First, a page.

Plausible: It's kind of a "Lord of the Flies" vision of what would happen if everyone lost their sight at once, but to be honest, none of the gross behaviors we see people do seem beyond imagination. And in the midst of that, effort is also made to show that the characters do continue to form and develop their relationships, and do those other, lovely things that humans do, too. 3/5

Awesome: As I said, any film with Julianne Moore, Mark Ruffalo and Danny Glover is off to a good start. The film gives an interesting and well-realized portrayal of an interesting premise and, while I wouldn't say it's fun or always enjoyable, there are interesting things going on throughout. The initial dramatic tension that comes of Julianne Moore being able to see when nobody else can doesn't really yield much story-wise: she operates more as an observer and audience stand-in than as the story's driving energy, though she thoroughly refutes the idea that "In the land of the blind, the one-eyed man (or woman) is king." The film is careful to include little moments of human connection, intimacy, spontaneity and surprise, for example when it rains and suddenly all the lost humans groping for food take a moment to enjoy the water pouring over them. On the other hand, with few exceptions, the film is not beautiful to see: colors are washed out, and almost every scene is full of clutter and human squalor, cruelty or desperation. If you are into films showing a lot of people down on their luck and heading toward bottom, people who don't know how to groom because they can't see mirrors, this film is for you. 3/5

But Wait, There's More! Stinger? None.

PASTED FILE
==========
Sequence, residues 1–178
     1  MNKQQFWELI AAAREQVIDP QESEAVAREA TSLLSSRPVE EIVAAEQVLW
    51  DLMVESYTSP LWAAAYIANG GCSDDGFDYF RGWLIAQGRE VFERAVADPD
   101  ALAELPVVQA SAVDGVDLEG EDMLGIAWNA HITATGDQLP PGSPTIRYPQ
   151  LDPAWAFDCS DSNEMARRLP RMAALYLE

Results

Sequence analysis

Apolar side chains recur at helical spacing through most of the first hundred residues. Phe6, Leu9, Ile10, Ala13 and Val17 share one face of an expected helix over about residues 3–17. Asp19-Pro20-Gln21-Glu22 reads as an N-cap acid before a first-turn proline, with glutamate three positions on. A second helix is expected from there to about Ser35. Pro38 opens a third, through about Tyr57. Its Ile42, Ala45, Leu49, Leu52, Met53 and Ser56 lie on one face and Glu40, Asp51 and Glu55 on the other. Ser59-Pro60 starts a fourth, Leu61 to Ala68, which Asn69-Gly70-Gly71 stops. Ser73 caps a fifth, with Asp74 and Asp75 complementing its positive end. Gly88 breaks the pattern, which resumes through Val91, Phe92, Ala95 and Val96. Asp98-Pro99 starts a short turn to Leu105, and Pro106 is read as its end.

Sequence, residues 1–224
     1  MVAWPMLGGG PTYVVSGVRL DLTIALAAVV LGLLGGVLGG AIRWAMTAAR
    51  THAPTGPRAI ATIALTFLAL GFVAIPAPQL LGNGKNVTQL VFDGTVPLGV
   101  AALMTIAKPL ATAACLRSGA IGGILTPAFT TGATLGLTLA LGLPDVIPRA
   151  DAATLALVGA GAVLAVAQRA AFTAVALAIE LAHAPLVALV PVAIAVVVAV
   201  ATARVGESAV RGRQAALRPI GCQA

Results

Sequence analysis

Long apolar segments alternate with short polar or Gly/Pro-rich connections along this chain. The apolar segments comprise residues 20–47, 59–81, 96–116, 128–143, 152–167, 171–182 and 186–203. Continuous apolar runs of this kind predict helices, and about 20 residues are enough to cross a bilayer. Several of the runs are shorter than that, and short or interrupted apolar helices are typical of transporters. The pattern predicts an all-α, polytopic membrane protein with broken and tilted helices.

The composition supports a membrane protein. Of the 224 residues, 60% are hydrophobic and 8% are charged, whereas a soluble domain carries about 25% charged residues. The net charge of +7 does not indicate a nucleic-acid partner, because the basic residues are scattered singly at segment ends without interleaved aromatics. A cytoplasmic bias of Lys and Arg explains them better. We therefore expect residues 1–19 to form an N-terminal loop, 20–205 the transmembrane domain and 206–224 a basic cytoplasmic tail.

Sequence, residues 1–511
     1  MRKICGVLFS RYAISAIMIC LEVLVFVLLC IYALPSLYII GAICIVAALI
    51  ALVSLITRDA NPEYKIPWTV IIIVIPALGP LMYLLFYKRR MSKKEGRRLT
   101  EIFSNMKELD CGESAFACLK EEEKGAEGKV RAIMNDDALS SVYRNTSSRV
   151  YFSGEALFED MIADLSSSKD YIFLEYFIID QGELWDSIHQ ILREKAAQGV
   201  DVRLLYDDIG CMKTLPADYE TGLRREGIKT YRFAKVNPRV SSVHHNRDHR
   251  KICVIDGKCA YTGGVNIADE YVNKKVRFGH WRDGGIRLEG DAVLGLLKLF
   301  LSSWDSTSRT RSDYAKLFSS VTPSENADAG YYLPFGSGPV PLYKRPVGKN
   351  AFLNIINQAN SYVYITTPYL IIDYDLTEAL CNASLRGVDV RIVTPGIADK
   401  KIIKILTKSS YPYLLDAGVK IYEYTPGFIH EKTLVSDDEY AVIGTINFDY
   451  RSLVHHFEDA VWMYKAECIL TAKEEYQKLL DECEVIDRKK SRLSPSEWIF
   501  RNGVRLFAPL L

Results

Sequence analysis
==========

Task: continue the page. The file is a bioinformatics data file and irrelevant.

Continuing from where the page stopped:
Perfect Sense was the uplifting art film about plague and loss of our senses. This one was the dark, cynical one. If you like that dark edge, Blindness isn't a pretty look at humanity, but it's well-made in its bleak vision of human isolation and meanness.

Total Score: 9/20 That seems about right for a film with some good bits, but slow pacing and parts that were hard to watch.

Series Recap:
Weirdo that I am, I'm commemorating the CoVid19 lockdown by watching plague movies, and because I love you, I'm writing them up for you, readers, and I'll end the series with a nice best-of countdown!

To sum up the ground rules:

It has to be a film. There might be some great plague television out there, but I have a kid: binge watching six TV series that are too scary to share with my kid this week is off the table. It has to be a narrative film, not a documentary.

The film has to be about a plague or viral infection. That is, the film has to put significant attention on what the infectious agent is, how it spreads or works, and what can be done about the infection. If the response is "we need to hide from/kill all the zombies" it's not really a plague film: it's a zombie film. If the response is "we can beat this if we discover and exploit a weakness in how the virus spreads" then it's a plague film. (So, World War Z: yes; Dawn of the Dead: no.) There's a little wiggle room here, and I'll be making some calls. Deal with it.

Films that fail to hold my attention get a DNF (Did Not Finish)

Films that hold my attention are scored on four dimensions:
Frightening (is it the kind of scary that's moody, builds up, and stays with you afterward?)
Scary (is it the kind of scary that makes you jump in your seat, or wish you'd eaten a smaller lunch? Surprises and gross-outs get points in this category.)
Plausible (does the plague, and people's response to it, seem realistic, as if it could possibly happen?)
Awesome (is it a good movie? Does it hit its marks?)
Each of these dimensions will be scored out of five.
Finally, for bonus demerits/points:
"But wait, there's more!" stinger - does the film end by hinting that the infection is on its way to a sequel new location? You know...the montage where the contaminated water ends up at a bottling factory while ominous music plays? Yah those are cheesy, and I will be docking points for them, depending on the amount of cheesiness.

It's unlikely that any film will get a 20/20 on this scale, because frightening, scary and plausible are usually a trade-off: films that make me jump like a cat usually don't also make me fear door handles, and a film that does both probably asks for a big suspension of disbelief in the plausibility category.